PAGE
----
The day we set out to create Ello, we stapled three photographs on the wall of our studio.
1) Dieter Rams: Less but better.
2) Captain Kirk: Because there are no nested menus on a Star Trek communicator.
3) Kurt Cobain: Fuck you. Who says we can't?
I can't count the number of jaded, stuck up, seen-it-all, silicon-valley start-up smart-ass types that told us that we could not do it.
"You can't compete with Facebook. Do you know how much money those guys have?"
There's a disturbing subtext to this message, which is the nihilistic assumption that it's not worth the effort to try to make something new, because the big guys have already won. In other words: give up kid, life is over, you've lost already.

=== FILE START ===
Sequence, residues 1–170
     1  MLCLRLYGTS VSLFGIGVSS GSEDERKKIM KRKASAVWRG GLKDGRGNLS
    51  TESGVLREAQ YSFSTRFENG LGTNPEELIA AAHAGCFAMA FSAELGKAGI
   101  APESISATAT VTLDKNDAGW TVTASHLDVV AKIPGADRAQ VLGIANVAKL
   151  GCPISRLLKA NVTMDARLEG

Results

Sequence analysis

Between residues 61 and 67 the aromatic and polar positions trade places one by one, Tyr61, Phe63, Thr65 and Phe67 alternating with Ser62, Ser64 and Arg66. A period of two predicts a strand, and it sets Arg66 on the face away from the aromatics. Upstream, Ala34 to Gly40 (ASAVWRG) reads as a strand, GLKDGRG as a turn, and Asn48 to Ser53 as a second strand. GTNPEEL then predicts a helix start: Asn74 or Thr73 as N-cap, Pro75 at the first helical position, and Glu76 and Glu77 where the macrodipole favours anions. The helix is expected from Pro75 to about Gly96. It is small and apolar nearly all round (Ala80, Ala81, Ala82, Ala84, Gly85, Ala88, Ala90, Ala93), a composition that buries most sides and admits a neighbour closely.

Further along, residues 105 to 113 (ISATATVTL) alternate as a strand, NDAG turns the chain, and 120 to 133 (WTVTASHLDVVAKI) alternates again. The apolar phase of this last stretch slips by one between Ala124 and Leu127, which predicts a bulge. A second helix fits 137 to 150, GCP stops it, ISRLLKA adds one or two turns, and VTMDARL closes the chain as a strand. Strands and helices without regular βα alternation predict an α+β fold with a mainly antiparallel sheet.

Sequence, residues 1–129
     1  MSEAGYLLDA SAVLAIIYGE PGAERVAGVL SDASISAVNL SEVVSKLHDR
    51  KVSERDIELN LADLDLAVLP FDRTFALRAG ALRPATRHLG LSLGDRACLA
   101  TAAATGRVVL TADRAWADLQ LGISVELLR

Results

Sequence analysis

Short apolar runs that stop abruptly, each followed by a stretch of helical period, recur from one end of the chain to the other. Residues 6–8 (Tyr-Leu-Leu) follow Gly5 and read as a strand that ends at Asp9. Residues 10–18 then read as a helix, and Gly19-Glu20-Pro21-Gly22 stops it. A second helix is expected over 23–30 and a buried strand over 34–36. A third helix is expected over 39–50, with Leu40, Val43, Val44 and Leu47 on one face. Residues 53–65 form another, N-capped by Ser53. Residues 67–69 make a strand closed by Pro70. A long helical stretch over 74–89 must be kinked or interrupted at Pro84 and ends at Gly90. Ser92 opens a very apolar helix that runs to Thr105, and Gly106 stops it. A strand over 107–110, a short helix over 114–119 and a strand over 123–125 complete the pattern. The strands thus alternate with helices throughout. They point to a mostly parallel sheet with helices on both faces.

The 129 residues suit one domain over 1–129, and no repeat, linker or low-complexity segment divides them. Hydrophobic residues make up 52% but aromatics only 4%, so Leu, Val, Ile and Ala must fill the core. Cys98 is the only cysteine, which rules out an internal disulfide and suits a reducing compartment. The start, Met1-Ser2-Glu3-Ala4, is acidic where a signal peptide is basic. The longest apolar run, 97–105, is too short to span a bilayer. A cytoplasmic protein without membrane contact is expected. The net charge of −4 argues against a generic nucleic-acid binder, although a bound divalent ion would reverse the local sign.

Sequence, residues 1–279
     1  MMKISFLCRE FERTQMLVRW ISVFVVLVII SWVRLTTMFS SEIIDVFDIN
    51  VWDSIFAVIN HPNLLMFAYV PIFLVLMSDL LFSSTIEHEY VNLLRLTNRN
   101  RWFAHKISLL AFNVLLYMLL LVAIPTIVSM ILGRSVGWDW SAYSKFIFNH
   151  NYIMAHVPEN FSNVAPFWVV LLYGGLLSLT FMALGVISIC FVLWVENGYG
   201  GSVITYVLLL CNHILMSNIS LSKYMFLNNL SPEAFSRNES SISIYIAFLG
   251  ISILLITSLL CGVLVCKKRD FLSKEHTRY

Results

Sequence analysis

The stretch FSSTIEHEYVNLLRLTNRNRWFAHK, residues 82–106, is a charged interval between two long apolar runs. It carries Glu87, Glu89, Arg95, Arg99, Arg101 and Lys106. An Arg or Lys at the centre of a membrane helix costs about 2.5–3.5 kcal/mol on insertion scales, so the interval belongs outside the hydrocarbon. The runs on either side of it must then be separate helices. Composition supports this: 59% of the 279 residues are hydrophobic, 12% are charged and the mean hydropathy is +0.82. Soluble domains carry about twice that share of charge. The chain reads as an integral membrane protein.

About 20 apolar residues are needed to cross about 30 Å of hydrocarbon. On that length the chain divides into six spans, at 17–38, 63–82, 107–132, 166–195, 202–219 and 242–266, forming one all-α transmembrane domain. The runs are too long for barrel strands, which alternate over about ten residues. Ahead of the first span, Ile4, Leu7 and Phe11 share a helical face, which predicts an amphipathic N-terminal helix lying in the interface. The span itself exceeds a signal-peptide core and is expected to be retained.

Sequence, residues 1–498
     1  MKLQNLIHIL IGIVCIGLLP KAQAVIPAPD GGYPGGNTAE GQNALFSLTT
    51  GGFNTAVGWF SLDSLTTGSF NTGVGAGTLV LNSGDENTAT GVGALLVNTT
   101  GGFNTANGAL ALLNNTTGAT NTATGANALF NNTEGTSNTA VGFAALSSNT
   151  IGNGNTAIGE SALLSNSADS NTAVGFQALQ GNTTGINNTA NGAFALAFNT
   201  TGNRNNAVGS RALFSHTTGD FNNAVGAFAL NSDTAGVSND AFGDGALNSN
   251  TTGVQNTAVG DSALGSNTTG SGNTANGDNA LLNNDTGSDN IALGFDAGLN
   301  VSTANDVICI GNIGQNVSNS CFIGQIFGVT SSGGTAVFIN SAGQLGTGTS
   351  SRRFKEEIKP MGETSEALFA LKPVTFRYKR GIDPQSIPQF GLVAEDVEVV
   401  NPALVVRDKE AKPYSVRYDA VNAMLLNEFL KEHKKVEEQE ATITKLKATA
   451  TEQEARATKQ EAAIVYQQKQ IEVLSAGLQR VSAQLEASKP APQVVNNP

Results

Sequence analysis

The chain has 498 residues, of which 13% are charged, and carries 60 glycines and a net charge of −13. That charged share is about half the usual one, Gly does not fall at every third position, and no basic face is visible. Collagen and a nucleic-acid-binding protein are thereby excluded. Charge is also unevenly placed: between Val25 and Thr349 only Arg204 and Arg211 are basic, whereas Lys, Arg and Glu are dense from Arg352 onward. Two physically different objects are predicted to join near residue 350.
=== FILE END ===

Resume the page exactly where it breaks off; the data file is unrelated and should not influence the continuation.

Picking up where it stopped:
But we do imagine a better world. And we always have to start at the beginning: helpless, with little money and no help. Just a few photographs tacked to a bulletin board that remind us that we are not alone.
You cannot create something truly new by competing. That's the long, dry, empty road to nowhere where know-it-alls spend their lives. Instead, we create naively, acting as if nothing in the world existed before us, and that nothing will continue when once we're done.
Ello is built to be the network that we ourselves want to use. That's the spirit that people sense when they join us for first time. It's the reason that Ello works.
There's a lot of love here.
Over there, in that other place, there's just a lot of advertising — and the rumble of slow, steady, subtle machinery telling each of us, over and over, that we have no power to change the world.
cc:// @todd @lucian @gv @jayzes @cacheflowe @mk